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As public sours, Obamacare faces an uncertain future - Pacific Research Institute

As public sours, Obamacare faces an uncertain future

In a few weeks, ObamaCare’s second open enrollment season will close. Unfortunately for the president, the law may not live to see a third open enrollment — thanks to an increasingly hostile public and a case before the Supreme Court that could render a major part of the law unconstitutional.

According to Gallup, public approval of ObamaCare dropped to a record low of 37% at the end of 2014. The latest RealClearPolitics average of polls shows that 51% of Americans oppose the law.

That shouldn’t be a surprise. For a full year, individuals have had to deal with canceled plans, premium shocks, higher deductibles and narrow networks of health care providers — all thanks to ObamaCare.

Forty-six percent of Americans now describe health costs as a “hardship,” up from 36% in 2013.

Those who purchased coverage through ObamaCare’s exchanges will get a lot more ornery come tax time this spring. They’ll have to fill out a new and extraordinarily complicated form — the instruction booklet runs 21 pages — that directs them to do things like “add allocated amounts across all allocated policies with amounts for non-allocated policies from Forms 1095-A, if any, to compute a combined total for each month.”

After enduring this nightmare, about 3.4 million people — roughly half of those who received government subsidies to purchase insurance in the exchanges last year — will have to pay back part of those subsidies because they misreported their incomes, according to tax preparer H&R Block.

Business owners have grown disgruntled, too. Forty-two percent of small businesses report that they’ve experienced double-digit increases in the cost of health care in the past year. As a result, 37% have delayed investment; 26% have frozen or cut wages.

Americans may get relief from the U.S. Supreme Court, which will consider King v. Burwell on March 4. The case could effectively destroy the federally operated exchanges active in more than two-thirds of the states.

The plaintiffs in King argue that ObamaCare forbids the federal government from providing subsidies through the federal HealthCare.gov exchange.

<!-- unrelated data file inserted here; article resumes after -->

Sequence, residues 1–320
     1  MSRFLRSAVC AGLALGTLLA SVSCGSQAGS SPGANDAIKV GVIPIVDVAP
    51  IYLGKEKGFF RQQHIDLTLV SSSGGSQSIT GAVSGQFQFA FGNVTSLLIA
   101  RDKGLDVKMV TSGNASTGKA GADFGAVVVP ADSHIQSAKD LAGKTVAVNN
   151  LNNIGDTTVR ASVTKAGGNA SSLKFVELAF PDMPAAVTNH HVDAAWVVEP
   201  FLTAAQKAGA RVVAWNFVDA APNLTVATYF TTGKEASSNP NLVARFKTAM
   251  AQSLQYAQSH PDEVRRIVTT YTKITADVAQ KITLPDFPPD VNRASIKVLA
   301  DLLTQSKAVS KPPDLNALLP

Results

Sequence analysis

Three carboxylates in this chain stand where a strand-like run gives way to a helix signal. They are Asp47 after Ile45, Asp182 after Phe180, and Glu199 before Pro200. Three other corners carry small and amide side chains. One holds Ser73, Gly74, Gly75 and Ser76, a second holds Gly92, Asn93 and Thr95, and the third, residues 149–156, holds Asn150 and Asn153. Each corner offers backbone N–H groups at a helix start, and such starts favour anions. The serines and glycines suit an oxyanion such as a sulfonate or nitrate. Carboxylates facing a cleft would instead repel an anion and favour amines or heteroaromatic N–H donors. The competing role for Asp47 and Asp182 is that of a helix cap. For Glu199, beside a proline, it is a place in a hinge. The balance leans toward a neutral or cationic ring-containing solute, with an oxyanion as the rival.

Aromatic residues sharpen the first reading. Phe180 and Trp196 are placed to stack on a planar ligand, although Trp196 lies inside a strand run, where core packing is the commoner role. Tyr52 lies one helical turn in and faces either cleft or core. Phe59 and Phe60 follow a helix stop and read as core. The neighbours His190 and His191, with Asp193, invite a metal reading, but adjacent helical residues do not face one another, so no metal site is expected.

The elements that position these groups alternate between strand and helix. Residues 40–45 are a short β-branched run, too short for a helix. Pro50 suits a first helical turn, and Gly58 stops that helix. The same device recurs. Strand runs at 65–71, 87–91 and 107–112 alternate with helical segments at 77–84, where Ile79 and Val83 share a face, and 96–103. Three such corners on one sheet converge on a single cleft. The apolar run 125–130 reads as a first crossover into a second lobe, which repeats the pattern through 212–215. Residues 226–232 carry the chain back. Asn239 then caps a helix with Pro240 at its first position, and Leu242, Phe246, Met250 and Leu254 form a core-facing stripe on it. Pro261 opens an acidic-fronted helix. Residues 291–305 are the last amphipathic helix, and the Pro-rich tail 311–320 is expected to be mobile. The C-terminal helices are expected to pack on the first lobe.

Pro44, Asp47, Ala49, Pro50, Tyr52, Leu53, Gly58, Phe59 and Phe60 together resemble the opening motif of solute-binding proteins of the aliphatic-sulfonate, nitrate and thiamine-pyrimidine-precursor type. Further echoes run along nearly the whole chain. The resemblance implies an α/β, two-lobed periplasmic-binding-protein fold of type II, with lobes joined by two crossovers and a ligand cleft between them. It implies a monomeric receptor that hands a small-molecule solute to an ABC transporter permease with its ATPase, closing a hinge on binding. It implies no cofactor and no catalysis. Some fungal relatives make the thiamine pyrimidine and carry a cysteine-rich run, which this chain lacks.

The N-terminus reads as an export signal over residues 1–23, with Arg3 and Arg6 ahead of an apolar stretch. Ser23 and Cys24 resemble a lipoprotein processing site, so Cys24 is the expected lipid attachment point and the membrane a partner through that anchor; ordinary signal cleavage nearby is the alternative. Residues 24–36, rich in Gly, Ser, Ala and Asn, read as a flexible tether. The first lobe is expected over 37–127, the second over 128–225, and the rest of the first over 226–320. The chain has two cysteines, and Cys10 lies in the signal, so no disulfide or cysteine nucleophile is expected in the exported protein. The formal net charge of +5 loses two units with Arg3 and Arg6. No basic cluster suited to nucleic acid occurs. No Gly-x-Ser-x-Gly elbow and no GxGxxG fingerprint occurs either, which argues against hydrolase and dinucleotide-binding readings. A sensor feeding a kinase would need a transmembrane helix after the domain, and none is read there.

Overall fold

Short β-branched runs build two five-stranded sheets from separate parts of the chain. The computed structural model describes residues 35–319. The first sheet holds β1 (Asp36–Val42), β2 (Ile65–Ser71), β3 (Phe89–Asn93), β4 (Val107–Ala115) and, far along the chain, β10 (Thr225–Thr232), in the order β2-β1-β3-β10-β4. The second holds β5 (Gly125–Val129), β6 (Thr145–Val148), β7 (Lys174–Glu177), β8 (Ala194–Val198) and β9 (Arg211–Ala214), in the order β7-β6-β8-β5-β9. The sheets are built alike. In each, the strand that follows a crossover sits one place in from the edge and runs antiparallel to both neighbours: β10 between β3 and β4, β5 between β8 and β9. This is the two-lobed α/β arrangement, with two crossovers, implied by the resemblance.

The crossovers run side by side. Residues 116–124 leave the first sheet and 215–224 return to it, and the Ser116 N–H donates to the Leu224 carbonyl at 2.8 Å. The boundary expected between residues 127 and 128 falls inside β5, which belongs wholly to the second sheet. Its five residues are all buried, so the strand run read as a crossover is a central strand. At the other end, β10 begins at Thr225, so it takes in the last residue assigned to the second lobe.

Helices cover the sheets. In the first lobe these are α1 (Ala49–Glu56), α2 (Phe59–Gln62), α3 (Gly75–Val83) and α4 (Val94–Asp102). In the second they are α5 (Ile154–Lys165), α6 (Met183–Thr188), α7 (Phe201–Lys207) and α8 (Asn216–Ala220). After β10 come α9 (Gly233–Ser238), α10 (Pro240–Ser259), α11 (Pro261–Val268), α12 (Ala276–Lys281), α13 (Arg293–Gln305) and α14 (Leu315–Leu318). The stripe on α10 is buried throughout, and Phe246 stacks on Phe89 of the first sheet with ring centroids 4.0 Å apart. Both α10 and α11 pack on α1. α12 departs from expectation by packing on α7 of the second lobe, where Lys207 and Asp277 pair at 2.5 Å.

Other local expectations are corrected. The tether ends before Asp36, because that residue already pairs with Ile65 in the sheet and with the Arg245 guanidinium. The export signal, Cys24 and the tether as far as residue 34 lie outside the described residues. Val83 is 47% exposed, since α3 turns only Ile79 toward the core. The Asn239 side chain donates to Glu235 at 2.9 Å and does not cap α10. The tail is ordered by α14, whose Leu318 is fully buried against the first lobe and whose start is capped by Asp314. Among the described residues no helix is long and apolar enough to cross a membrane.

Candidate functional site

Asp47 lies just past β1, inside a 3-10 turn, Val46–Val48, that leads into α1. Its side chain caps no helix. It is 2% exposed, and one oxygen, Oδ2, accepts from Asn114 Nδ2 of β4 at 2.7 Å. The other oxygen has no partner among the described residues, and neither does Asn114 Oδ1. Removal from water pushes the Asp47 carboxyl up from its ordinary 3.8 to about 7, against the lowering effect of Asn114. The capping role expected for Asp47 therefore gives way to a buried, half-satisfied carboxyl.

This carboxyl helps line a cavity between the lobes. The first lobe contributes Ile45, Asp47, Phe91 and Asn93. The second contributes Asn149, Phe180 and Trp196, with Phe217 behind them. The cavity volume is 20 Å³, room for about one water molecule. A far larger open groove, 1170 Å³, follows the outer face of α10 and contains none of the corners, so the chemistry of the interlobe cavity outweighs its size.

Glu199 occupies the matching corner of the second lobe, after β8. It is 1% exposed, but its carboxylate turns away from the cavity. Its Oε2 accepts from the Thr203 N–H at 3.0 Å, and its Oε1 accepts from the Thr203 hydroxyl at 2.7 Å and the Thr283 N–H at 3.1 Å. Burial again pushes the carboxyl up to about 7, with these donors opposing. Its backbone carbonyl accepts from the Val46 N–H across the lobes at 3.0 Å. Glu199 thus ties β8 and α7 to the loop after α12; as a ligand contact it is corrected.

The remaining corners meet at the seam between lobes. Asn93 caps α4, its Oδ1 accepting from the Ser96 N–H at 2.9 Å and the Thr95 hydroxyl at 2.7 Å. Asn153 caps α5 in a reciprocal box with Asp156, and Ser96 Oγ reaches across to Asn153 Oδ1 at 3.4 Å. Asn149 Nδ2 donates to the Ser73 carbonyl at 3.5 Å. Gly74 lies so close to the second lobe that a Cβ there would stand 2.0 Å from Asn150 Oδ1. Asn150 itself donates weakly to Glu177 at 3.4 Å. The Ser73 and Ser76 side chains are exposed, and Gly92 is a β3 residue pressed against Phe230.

The law’s text clearly states that financial assistance from the government can only come through exchanges “established by the State.”

If the court sides with the plaintiffs, about 4 million people would lose subsidies. Their premiums would suddenly become unaffordable. They’d likely choose to remain uninsured and pay the individual mandate penalty. That could destabilize the insurance marketplace.

Individuals with chronic conditions would likely be the only ones to comply with the individual mandate. Insurers may respond to the loss of millions in subsidized premiums and a sicker population by raising rates for everyone else.

As the exchanges crumbled, the White House would be powerless to intervene. States that had previously used HealthCare.gov would have to set up exchanges themselves. But that’s highly unlikely.

Republicans control 31 governors’ mansions and 68 out of 98 state legislative chambers — the highest number ever. And yet Republicans cannot simply root for ObamaCare’s demise this year. They must also assemble a package of reforms to put in its place.

State-level high-risk pools, for example, could provide targeted help to those with pre-existing conditions who otherwise cannot afford insurance. States could administer these pools, and the federal government could fund them until a properly functioning, competitive health care system was up and running.

ObamaCare purported to cover the uninsurable by simply decreeing as much — and forcing everyone to pay more for insurance in the process.

By segregating high-cost patients from the rest of the insurance pool, high-risk pools can ensure that premiums remain affordable for the vast majority of the population. Congress should also reform the tax code to allow individuals to purchase health insurance with pre-tax dollars, just like businesses can.

To ensure that low- and middle-income folks could take full advantage, lawmakers could make the credit refundable. Such a move would instantly make health insurance more affordable and level the playing field for all.

ObamaCare advocates might think the law is working wonders and is increasingly safe from repeal, but the public knows better. And so should Congress.

Nothing contained in this blog is to be construed as necessarily reflecting the views of the Pacific Research Institute or as an attempt to thwart or aid the passage of any legislation.

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